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Guidelines for best RF PCBS: High speed and RF PCB wiring
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Guidelines for best RF PCBS: High speed and RF PCB wiring

High speed and RF PCB wiring is a fine activity suitable for professional engineers. If you are new to the industry, you may be asking yourself how to start routing effectively. With high speed, engineers can bring their solutions to market faster. However, achieving this goal is not always as simple as one might think.

No matter how complex or simple your design, by using proper FR PCB layout practices, you can help ensure that your high-speed or RF PCB design meets speed and frequency requirements without unwanted reflections. The key thing to remember when designing a PCB is that it's not just about how good or bad it looks; The key is reliability, production speed and how much time will be saved in the manufacturing process.

This guide will provide a walkthrough of optimization strategies to help you achieve optimal layout in your high-speed and RF PCB projects.

Best guide to wiring high speed and RF PCBS

Here are some best practices to help wire high speed and RF PCBS

Use difference pairs for high-speed routing

A difference pair is two signal wires that share the same ground wire but are electrically isolated from each other. They can be used in place of traditional single-ended wires when very long lines are required, such as those used in high-speed PCB designs. Differential comparisons of single-ended lines provide better noise suppression because they are more immune to common-mode signals (i.e. noise).

For example, an electromagnetic field generated by one wire in a single-ended pair can be picked up by another wire and amplified by a receiver. In a difference pair, this would cause both lines to become higher, which would be detected as noise rather than valid data.

Differential pairs have several advantages over single routing in RF PCB design:

Differential signals are less susceptible to noise than single-ended ones. Differential circuits eliminate noise, which explains why they are commonly used in high-speed and RF PCB designs such as HDMI.

Differential comparison single - ended routing has better impedance matching. This allows them to provide more power and reduce reflections when running long cables.

Differential pairs provide better EMI shielding than single-ended wiring, which is why they are also used in low-power designs such as USB.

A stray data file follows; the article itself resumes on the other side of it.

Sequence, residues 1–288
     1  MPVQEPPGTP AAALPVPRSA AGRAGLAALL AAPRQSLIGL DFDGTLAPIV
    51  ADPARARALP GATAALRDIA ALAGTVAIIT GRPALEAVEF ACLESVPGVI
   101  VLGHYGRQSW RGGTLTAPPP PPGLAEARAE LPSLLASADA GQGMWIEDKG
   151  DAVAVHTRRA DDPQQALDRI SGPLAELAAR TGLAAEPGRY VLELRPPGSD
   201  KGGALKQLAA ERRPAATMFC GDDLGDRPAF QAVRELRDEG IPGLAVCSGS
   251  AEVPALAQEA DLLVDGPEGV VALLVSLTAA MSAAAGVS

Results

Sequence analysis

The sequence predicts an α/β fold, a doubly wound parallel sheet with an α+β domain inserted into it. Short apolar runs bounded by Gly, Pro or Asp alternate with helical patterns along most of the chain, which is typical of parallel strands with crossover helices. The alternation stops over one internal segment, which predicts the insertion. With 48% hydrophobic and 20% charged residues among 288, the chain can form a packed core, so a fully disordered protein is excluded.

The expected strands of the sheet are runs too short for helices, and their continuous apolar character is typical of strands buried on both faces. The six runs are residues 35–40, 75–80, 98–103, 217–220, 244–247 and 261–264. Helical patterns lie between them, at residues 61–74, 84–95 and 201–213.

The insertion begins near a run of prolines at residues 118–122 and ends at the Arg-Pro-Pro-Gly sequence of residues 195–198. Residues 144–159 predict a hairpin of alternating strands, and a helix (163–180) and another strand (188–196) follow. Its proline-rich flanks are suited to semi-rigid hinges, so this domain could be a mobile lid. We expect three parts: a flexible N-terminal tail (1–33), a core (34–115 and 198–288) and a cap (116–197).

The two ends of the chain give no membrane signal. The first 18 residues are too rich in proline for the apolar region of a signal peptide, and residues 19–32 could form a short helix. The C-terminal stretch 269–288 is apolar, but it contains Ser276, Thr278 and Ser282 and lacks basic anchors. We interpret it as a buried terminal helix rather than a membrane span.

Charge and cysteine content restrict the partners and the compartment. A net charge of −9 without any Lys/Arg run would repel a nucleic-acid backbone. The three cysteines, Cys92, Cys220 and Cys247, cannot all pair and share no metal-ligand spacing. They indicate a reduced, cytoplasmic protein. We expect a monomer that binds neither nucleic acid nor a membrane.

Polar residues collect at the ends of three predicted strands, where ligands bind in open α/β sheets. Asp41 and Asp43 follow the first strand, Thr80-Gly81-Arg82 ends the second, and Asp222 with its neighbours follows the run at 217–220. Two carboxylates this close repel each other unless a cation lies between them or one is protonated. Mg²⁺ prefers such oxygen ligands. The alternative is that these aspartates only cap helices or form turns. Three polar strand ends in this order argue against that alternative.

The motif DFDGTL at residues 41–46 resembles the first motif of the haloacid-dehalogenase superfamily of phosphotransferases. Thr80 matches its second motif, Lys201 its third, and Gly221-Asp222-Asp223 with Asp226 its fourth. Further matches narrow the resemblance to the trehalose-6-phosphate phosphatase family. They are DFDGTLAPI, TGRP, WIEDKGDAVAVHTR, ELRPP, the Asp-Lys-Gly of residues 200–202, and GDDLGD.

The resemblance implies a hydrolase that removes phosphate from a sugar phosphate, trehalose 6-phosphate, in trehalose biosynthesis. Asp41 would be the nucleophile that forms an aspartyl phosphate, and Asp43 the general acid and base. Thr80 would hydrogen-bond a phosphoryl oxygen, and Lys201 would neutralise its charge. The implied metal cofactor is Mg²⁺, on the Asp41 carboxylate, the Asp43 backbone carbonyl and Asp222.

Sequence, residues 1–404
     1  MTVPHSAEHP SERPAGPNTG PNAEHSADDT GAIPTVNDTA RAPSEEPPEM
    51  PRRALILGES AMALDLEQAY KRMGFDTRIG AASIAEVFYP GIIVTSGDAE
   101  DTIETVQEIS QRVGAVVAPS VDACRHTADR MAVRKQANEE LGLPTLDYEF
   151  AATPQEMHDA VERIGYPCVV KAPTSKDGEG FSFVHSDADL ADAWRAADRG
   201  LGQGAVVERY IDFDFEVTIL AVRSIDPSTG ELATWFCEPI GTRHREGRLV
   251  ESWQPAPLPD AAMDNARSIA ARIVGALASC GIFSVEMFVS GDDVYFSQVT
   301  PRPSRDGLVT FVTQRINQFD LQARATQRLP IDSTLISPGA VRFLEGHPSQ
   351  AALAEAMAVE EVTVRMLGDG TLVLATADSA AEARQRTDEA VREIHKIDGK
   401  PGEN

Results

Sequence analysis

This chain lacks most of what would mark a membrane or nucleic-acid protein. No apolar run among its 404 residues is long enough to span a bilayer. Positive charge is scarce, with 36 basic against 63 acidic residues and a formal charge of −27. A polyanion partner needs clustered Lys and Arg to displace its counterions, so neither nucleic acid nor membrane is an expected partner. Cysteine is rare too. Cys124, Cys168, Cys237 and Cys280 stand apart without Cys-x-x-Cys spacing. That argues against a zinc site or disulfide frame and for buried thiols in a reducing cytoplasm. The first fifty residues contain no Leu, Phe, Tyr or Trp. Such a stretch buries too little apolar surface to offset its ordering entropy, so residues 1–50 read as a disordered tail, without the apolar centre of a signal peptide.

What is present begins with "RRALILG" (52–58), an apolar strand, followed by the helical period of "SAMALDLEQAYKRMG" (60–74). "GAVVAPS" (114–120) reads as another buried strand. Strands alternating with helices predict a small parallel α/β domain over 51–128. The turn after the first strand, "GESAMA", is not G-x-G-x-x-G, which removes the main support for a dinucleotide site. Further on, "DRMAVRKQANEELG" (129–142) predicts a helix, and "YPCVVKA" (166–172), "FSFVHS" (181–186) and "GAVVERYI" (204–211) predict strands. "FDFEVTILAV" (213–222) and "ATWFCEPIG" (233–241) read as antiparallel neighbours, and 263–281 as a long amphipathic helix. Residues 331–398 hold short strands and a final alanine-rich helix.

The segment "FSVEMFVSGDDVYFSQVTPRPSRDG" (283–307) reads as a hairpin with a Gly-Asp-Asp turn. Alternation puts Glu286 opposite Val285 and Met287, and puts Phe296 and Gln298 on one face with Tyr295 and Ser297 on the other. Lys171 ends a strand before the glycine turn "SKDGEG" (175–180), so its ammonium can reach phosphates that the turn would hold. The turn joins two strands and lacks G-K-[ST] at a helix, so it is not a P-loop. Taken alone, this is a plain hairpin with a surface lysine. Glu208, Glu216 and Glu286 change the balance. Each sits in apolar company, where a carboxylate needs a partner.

Use through holes to reduce the length of the truncated line

When wiring high speed or RF PCBS, the length of the short line must be reduced as much as possible. This can be done by using through-holes in your RF PCB design. For example, if you have a signal that needs to be transmitted from one end of the board to the other, and there is a large ground between them, it makes sense to use a through-hole to connect the two points. This reduces the amount of copper required to route signals through the circuit board and achieves better performance.

Through-holes are also useful when there is a significant gap between the layers of multilayer RF PCB designs. For example, if you have an IC at layer 1 connected to something on Layer 2 or layer 3, then you will usually have a gap between the two without a copper trace. If you need to route signals through this gap, you can use through-holes to connect them and form a shorter route length.

Use shielded cabling whenever possible

A shielded trace is a conductor surrounded by a metal sheath that prevents electromagnetic interference (EMI) from entering the RF PCB. Masking routing is very important in high frequency applications such as wireless communications and radio frequency identification (RFID). Shielding helps prevent interference from entering or exiting the board and affecting the signal integrity of the components on the RF PCB board. Shielding also prevents unwanted signals from interfering with nearby circuits and causing crosstalk between them.

Use split plane for return current management

Split-plane is one of the best techniques for wiring high speed or RF PCBS. The split plane is a two-tiered plane that returns current from the signal layer to the ground plane. It works by separating ground and signal layers, allowing each layer to have its own set of planes.

The most common use of the split plane is for high-speed signals. In this case, the large wire-width required for high frequency signals can cause excessive inductance in the grounding layer, causing the signal to ring. By splitting it into two layers and connecting only half of the wiring to the ground, you can significantly reduce the inductance without adding any additional capacitance because a separate return path is not required. This allows you to run very high frequencies on the board without problems caused by wire inductance.

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